Review | Fabulosa! The Story of Britain’s Secret Gay Language by...

Fabulosa! The Story of Britain's Secret Gay Language, Paul Baker, Reaktion Books, 2019, pp. 320, £15.99 (Hardcover) Polari is a language that was used mainly...

Review | Edvard Munch: Love and Angst at the British Museum

Known for the haunting anguish of The Scream, Norwegian painter and printmaker Edvard Munch produced less notorious pieces with a similar apocalyptic gloom. The...

Interview | Scott Eaton | Artist+AI

A truly ground-breaking Artificial Intelligence art exhibition has recently been on display at Somerset House. Entitled Artist+AI: Figures & Form in the Age of Intelligent...

Spotlight IV: Penned in the Margins

The London Magazine has long been a champion of emerging writers and independent publishers, stretching back to the 1950s and 60s, when young writers...

Review | Four Quartets at the Barbican

T. S. Eliot was famously wary about artistic interpretations of his poems. In a letter in 1947 to Dale E. Fern, he wrote that...

Fiction | Down the Marina by Daniel Kramb

Daniel Kramb Down the Marina At the city’s edge, half way into the marina, Ana-Maria sits on top of her boat, wearing a man’s jumper, pants...

Review | Max Beaverbrook: Not Quite a Gentleman by Charles Williams

Max Beaverbrook: Not Quite a Gentleman By Charles Williams Biteback Publishing, £25 In the age of the internet it is easy to forget the immense influence that...

Archive | Coming to London II by Leonard Woolf

The following piece was first published in The London Magazine October 1955 Volume 2 No. 10 as “Coming to London — II”, part of...

Archive | Coming to London IX by Christopher Isherwood

The following piece was first published in The London Magazine August 1956 Volume 3 No. 8 as "Coming to London — IX", part of...

Fiction | In Search of Scott by Will Kitson

Will Kitson In Search of Scott I remember the first time I read F. Scott Fitzgerald’s work. I was 20 years old, in the second year...

Review | Stanley Kubrick at The Design Museum

Bringing iconic films to the main screen, from Clockwork Orange to The Shining, Stanley Kubrick has contributed significantly to 20th century popular culture.  The...

Fiction | Are There More People Alive Than Dead? by Laurane...

Laurane Marchive Are There More People Alive Than Dead? The phone rings. 5am. It’s your boyfriend. He is in New York so with the time difference,...

Review | Vivian by Christina Hesselholdt

Vivian, Christina Hesselholdt, Fitzcarraldo Editions, 2019, pp.192, £12.99 (paperback) “What I produce is so good that if I start showing it to professionals, I’ll never...

Review | Tales of Two Londons: Stories From A Fractured City

Tales of Two Londons: Stories From A Fractured City, edited by Claire Armitstead, Arcadia Books, 2019, £9.99 It’s Saturday morning in Hornsey and I make...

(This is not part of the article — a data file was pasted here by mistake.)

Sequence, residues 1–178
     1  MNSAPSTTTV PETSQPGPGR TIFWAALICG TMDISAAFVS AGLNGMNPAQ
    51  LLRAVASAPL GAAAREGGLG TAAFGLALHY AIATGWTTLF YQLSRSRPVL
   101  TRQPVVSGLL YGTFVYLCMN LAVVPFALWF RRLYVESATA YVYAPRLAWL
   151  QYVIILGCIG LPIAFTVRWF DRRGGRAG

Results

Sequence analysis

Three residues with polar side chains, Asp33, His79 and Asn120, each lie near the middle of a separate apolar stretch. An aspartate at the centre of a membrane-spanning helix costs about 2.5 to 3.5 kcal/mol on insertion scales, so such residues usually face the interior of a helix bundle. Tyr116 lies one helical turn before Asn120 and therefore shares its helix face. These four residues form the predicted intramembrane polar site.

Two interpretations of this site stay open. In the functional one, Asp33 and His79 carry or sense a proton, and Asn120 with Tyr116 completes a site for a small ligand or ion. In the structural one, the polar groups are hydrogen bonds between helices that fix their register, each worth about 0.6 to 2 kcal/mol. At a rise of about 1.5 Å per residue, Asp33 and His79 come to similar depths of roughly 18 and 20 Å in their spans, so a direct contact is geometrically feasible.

Review | Salt Slow by Julia Armfield

Salt Slow, Julia Armfield, Pan Macmillan, 2019, pp.208, £12.99 (hardback) This electric, enthralling collection of short stories from Julia Armfield owns its influences upfront. In...

Review | A Map Towards Fluency & A Few Interiors

A Map Towards Fluency, Lisa Kelly, Carcanet Press, 2019, pp.112, £8.99 A Few Interiors, Rowland Bagnell, Carcanet Press, 2019, pp.64, £8.99 ------Carcanet’s latest publications include the...

Review | Days in the Caucasus by Banine & Crossing by...

Days in the Caucasus, Banine (translated by  Anne Thompson-Ahmadova), Pushkin Press, 2019, pp. 288 (hardback) Crossing, Pajtim Statovci (translated by David Hackston), Pushkin Press, 2019,...

Review | Lee Krasner at the Barbican

Lee Krasner’s work was central in the proliferation of abstract expressionism in the United States. A new show at the Barbican, Lee Krasner: Living...

Interview | Clayton Vomero | 3OHA

Kaleidoscopic is one of the words used to describe the work of Clayton Vomero, his narratives finding their flow not in the rules of...

Interview | Donald Sultan

The acclaimed American figurative painter Donald Sultan currently has his first U.K retrospective at Huxley-Parlour Gallery, London. Sultan is 68 now, and this show...

Fiction | Don’t Tell Father by Denisa Vitova

Denisa Vitova Don't Tell Father -----My mother bought a new dress she didn’t necessarily need but which fit her tall, slim figure perfectly, its creamy colour...

Extract | The Leaflets by Ferdous Sadat

The following poem is taken from the anthology Tales of Two Londons: Stories from a Fractured City, ed. Claire Armitstead, Arcadia Books, London, 2019. Ferdous...

Review | My Enemy’s Cherry Tree by Wang Ting-Kuo

We don’t have to start if you’re not ready.'The epigraph on the first page of Wang Ting-Huo’s award-winning novel invites pause. It may seem...

Fiction | Jane Campbell — Schopenhauer and I

Robots could help solve social care crisis, say academics In the UK alone, 15,000 people are over 100 years of age and this figure will only increase. The robots will offer support with everyday tasks, like taking tablets, as well as offering companionship. — BBC News, 30th January 2017

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